The long search for a Japan-China Summit was realized Oct. 8, when Japan’s new Prime Minister Abe Shinzo arrived in Beijing and met China’s President Hu Jintao and Premier Wen Jiabao. Abe and Hu agreed to build a “strategic, reciprocal relationship” aimed at enhancing cooperation and advancing a wide range of mutual interests. Both leaders agreed to address the difficult issues of history and the East China Sea, setting up expert panels to explore ways to resolve them. On the topic of visiting Yasukuni Shrine, Abe relied on strategic ambiguity, which the Chinese leadership appeared to tolerate, if not accept, in the interest of moving relations ahead. The joint history panel met in Beijing at the end of December and the East China Sea experts meeting was scheduled for early in the new year. After several years of tough going, the road ahead appears smoother and more promising.
To the Summit
On Sept. 19, Abe Shinzo was elected president of the Liberal Democratic Party (LDP); a week later, on Sept. 26, he became prime minister of Japan. In the interim, Japanese and Chinese diplomats, led by Vice Minister Yachi Shotaro and Assistant Minister Cui Tiankai, met in Tokyo Sept. 23-24 to conduct the sixth Comprehensive Policy Dialogue and to explore paths to a summit meeting. Referring to Yasukuni, the Chinese called for “the removal of political obstacles” standing in the way of improved relations. In reply, Yachi explained that Abe was determined to leave his stance toward Yasukuni “ambiguous” and suggested a working date of Oct. 8 for the summit. Cui retreated to his talking points and urged Abe not to visit the shrine but promised to take Abe’s Yasukuni “ambiguity” strategy back home for discussion. The Oct. 5 Nihon Keizai Shimbun reported that on the evening of Oct. 23, Nakagawa Hidenao, who became LDP secretary general the next day, had dinner with Cui and China’s Ambassador to Japan Wang Yi and assured the Chinese officials that Abe would not visit Yasukuni during the 2007 spring festival. On Oct. 25, Yachi and Cui met again and Cui promised to consult with the Chinese leadership with regard to Yasukuni. The Nikkei report went on to note that Sept. 28 at the celebration of China’s national day, Ambassador Wang was telling guests that “Prime Minister Abe is willing to improve relations with China. The Chinese government welcomes this attitude.”
In a Sept. 27 interview with the Yomiuri Shimbun, marking the first day of the Abe government, Foreign Minister Aso Taro observed that the two leaders had not met in close to 18 months. That same day, Chief Cabinet Secretary Shiozaki Yasuhisa made clear that improving relations with China and South Korea were top priorities for the new prime minister, calling on all parties to “make efforts and use our wisdom to hold …summit talks as soon as possible.” Referring to the new government, Shiozaki saw “momentum gathering to take advantage of this opportunity.” In his policy speech to the Diet Sept. 29, Abe committed his government to “strengthening bonds of trust” with China and South Korea, saying that it was “essential to make mutual efforts so that we can have future-oriented, frank discussions with each other.” On Abe’s assumption of office, Premier Wen Jiabao sent the prime minister a note of congratulations with the message that “Japan-China relations are at a crucial historic moment.” Abe’s policy speech to the Diet was regarded as a public response to Wen’s note.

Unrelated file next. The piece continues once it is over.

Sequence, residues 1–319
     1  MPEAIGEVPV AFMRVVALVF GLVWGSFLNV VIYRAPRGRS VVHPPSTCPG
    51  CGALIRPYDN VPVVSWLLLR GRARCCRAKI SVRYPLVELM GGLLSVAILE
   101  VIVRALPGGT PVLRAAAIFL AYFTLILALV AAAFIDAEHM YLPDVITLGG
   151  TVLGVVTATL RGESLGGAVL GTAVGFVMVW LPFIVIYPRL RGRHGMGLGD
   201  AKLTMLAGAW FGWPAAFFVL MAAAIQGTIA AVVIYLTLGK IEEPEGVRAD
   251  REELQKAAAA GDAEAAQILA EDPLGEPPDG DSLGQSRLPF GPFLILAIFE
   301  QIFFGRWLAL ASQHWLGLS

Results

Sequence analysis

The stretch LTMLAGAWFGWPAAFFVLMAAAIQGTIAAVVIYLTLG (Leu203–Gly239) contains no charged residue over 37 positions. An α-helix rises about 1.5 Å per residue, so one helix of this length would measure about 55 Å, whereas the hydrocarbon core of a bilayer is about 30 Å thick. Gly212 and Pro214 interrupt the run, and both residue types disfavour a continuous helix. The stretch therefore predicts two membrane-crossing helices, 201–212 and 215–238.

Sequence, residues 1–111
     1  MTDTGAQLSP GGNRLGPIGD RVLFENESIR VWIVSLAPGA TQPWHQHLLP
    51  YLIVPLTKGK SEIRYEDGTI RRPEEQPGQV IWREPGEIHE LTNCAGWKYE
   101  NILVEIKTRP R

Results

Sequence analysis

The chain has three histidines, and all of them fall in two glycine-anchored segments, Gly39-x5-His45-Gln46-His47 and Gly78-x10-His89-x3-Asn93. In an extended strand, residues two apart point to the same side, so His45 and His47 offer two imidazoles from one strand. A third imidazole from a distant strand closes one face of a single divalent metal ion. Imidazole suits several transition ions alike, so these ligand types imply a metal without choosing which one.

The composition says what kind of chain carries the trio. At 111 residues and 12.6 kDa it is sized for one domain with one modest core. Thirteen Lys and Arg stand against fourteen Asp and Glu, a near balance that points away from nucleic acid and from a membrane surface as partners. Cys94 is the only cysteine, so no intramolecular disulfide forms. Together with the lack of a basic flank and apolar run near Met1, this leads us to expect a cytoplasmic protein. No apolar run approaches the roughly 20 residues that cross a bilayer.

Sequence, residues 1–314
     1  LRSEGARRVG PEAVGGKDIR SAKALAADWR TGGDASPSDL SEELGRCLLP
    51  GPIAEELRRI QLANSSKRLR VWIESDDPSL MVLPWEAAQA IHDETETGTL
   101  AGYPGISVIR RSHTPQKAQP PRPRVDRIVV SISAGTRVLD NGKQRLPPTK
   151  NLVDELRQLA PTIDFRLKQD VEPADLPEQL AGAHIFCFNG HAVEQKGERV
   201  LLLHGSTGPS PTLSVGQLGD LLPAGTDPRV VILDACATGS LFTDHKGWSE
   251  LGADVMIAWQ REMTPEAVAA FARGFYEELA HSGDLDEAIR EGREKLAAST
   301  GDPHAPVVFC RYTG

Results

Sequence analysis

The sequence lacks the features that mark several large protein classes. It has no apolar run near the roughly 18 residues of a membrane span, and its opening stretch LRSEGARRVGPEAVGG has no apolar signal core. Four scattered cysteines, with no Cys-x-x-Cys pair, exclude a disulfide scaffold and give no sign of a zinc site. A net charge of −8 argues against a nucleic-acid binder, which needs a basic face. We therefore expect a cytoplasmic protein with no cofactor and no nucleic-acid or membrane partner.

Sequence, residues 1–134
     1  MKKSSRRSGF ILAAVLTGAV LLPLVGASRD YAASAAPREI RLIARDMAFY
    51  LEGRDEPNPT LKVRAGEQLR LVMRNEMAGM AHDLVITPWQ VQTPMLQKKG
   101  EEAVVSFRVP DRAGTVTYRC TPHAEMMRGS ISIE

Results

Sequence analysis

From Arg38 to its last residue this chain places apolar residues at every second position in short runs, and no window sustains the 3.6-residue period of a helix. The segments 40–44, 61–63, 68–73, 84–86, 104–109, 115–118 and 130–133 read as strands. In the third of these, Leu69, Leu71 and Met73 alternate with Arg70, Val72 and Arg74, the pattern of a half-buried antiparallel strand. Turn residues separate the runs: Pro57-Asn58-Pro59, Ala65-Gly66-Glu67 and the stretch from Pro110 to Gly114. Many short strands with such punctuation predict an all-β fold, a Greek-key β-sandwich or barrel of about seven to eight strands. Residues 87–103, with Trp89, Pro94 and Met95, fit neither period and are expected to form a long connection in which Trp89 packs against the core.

On Oct. 2-3, Vice Foreign Minister Yachi and Ambassador Wang Yi met in Tokyo to advance coordination for a summit meeting. That evening, as reports of a pending summit spread throughout the media, Abe told reporters at his official residence that it was “important to create conditions that would allow the two leaders, without preconditions, to have a frank exchange of views.”
On Oct. 3, the Sankei Shimbun reported that earlier discussions had floundered on the Yasukuni issue, with the Chinese seeking assurances that Abe not visit the shrine during his term in office. Japanese officials countered that visits to the shrine should not become a “precondition” for a summit, requested Beijing to reconsider its position, and suggested the visit be put off from Oct. 8 to later in the month. Citing a source “familiar with Japan-China relations,” the Sankei reported that, on Sept. 30, Beijing, “following Hu’s firm order,” accepted the Oct. 8 date without the specific assurances it had sought on Yasukuni. The Mainichi Shimbun reported that China had accepted the Japanese Oct. 8 proposal on Sept. 28. With regard to Yasukuni, the Mainichi also reported that it would be a mistake for Japan to assume that China “had dropped its call for the Japanese leader to refrain from visiting the shrine.” The report went on to quote a “senior” LDP member saying “China expects Japan to come up with a convincing stance on the Yasukuni issue. The ball is in our court.” Later in the month, Kyodo News Service reported on a dinner meeting between Wang Jiarui, head of the CCP’s International Liaison Department, and opposition leader Ozawa Ichiro. Wang was quoted as saying “We don’t think it [Yasukuni] was left ambiguous. It will be a big problem if a visit is made.” Following the Cabinet meeting of Oct. 3, Abe and Aso met to confirm the schedule for the visits to China and South Korea. The next day, Deputy Chief Cabinet Secretary Shimomura Hakubun announced the visit at the opening of his press conference. China’s willingness to receive Abe on the eve of the Communist Party’s sixth plenary session of the Communist Party’s 16th Central Committee was considered sign of the importance Beijing attached to improving relations with Japan.